Children who have “autism spectrum disorder” often have difficulty making friends, expressing their needs verbally,understanding personal space and making eye contact. And with the entire summer looming before them, the end of the school year can mark a difficult time for the families of these children. Traditional camp environments are overwhelming for these kids and they are often left out socially because of inappropriate behavior or comments.
But fortunately for families in Austin, The Austin Dog Alliance in conjunction with The University Of Texas Autism Project, has embarked on a groundbreaking program this summer using experienced and seasoned therapy dogs as an integral part of their Summer Program for children with Asperger’s and Autism. Most of us are aware of the tremendous impact, benefit and influence our dogs have on our lives. Now imagine the companionship, comfort, and acceptance that a dog could bring a child with special needs in a camp designed specifically for this. But most importantly the camp is designed so that these children are learning important social skills while working with dogs. Because learning is hampered when there is stress,careful planning and thought has gone into making this a stress free experience. Stress is minimized by removing all decorations, giving instructions and schedules verbally and visually, and using specially trained peer volunteers who will model appropriate developing teen behavior.
Summer Camp Geared To Autistic’s Needs
Debi Krakar, Executive Director of The Austin Dog Alliance, has personal experience herself of the sorts of challenges that families face. For this reason, she has been keen to develop a summer program and has the insight to do so. As the director of ADA, a non-profit that supports community involvement of dogs and handlers by placing Delta Society Pet Partners Teams in settings such as nursing homes, she has at her fingertips well trained teams. These dogs have been tested for their stable temperaments, thorough training and trusty manners. Children with Autism or Asperger’s can be volatile and unpredictable in their movements. Uneven motor skills and over-activity are characteristic of this syndrome. The dogs that are participating in this program have already demonstrated that they are unflappable even in “complex” environments such as the camp.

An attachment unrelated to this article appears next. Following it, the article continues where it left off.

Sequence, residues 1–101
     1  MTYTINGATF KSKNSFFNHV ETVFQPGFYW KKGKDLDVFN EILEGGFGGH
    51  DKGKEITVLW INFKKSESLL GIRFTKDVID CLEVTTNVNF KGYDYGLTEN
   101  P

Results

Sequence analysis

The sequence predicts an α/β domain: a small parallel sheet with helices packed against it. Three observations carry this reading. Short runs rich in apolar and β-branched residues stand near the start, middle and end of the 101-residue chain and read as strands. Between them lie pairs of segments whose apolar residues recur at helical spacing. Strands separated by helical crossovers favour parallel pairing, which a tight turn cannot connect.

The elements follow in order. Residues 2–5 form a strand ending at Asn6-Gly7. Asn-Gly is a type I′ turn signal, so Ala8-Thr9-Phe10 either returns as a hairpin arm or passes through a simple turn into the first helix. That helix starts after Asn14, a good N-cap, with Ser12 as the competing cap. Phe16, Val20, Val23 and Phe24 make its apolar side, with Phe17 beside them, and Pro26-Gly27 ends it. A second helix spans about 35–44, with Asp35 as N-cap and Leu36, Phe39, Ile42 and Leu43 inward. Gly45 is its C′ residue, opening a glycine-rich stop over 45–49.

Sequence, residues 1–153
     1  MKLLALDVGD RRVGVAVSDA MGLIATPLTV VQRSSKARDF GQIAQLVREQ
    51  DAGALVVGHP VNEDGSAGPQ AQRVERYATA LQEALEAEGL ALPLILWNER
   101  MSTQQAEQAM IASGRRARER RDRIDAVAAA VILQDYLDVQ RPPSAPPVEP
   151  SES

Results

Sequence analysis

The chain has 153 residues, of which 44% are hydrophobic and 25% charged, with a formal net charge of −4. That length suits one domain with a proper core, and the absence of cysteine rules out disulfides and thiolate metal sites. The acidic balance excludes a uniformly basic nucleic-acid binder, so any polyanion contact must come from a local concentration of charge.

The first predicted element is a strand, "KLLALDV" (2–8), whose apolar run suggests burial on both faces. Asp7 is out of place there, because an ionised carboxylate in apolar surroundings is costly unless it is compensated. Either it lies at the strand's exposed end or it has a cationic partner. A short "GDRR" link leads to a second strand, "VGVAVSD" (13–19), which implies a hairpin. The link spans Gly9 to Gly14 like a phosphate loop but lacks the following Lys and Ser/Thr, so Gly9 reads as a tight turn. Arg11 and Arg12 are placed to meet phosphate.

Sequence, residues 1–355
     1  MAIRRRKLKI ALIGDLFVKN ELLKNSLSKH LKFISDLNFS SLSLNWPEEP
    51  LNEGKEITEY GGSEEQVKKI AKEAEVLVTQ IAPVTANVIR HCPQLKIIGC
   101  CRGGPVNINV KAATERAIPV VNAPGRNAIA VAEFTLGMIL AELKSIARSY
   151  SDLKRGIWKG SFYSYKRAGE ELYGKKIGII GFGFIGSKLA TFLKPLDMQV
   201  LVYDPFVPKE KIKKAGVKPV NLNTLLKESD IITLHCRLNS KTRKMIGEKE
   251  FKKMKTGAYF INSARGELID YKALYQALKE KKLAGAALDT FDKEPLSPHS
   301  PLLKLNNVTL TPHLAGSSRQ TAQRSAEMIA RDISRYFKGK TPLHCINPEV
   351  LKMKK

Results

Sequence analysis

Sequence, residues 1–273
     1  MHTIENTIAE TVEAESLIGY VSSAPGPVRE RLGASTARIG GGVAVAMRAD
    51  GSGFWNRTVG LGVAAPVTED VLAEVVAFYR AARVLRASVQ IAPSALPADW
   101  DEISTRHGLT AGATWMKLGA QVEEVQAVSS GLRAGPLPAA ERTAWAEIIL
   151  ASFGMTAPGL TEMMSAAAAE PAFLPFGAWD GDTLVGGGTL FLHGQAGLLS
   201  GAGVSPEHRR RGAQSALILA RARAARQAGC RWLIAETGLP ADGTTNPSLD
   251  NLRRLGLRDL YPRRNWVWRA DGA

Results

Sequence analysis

In this camp, using these special dogs, they will practice and hone a variety of social skills. So, how exactly will this work?
“You Say Goodbye And I Say Hello”
Mixing with others can be challenging for these kids as they are not consistent in their responses to verbal cues, often have little eye contact, and their sense of personal space is sometimes different making interactions with others awkward or uncomfortable. What can they learn here by using dogs that will help them develop more appropriate behaviors?
“Watch Me” is a behavior that is often taught in obedience classes and the children will go through the steps of training this to the dogs. But in order to do this, they must maintain eye contact themselves with the dog. Autistic kids frequently make little or no eye contact in social settings. They are able in this situation to practice that skill while interacting with a non- judgemental and loving dog. It’s a beautiful arrangement.
Autistic spectrum disorder kids also are unaware of the subtleties of social distances. They are sometimes called “space invaders” because of this as they will unknowingly make others uncomfortable by invading their social space or “bubble.” Since a certain distance is necessary to train behaviors like “sit”, “down” , “shake” and “stay” they will actually be practicing using a comfortable and socially acceptable distance while engaging with the dog.
Developing Life Skills
These are the sorts of fundamental life skills they will get to develop and practice repeatedly. Dogs of course need repetition, and lots of it, to learn, so there will be lots of repetition for the kids as well. Though they will not actually be training any new behaviors they will be going through the steps thereby practicing and making these part of their social repertoire.
The beauty of this is that dogs are natural magnets for most kids. They relish the attention. And they are not critical or judgmental.
By giving these kids the opportunity to hone social skills while “training” these dogs, the hope is that the socially complex world around them will become more manageable. The camp begins July 26th. In August I will do a follow-up blog and will interview some parents. I am excited about the possibilities for this program and am anxious to hear the impressions of the parents.
Photo Credit: piha nzon flickr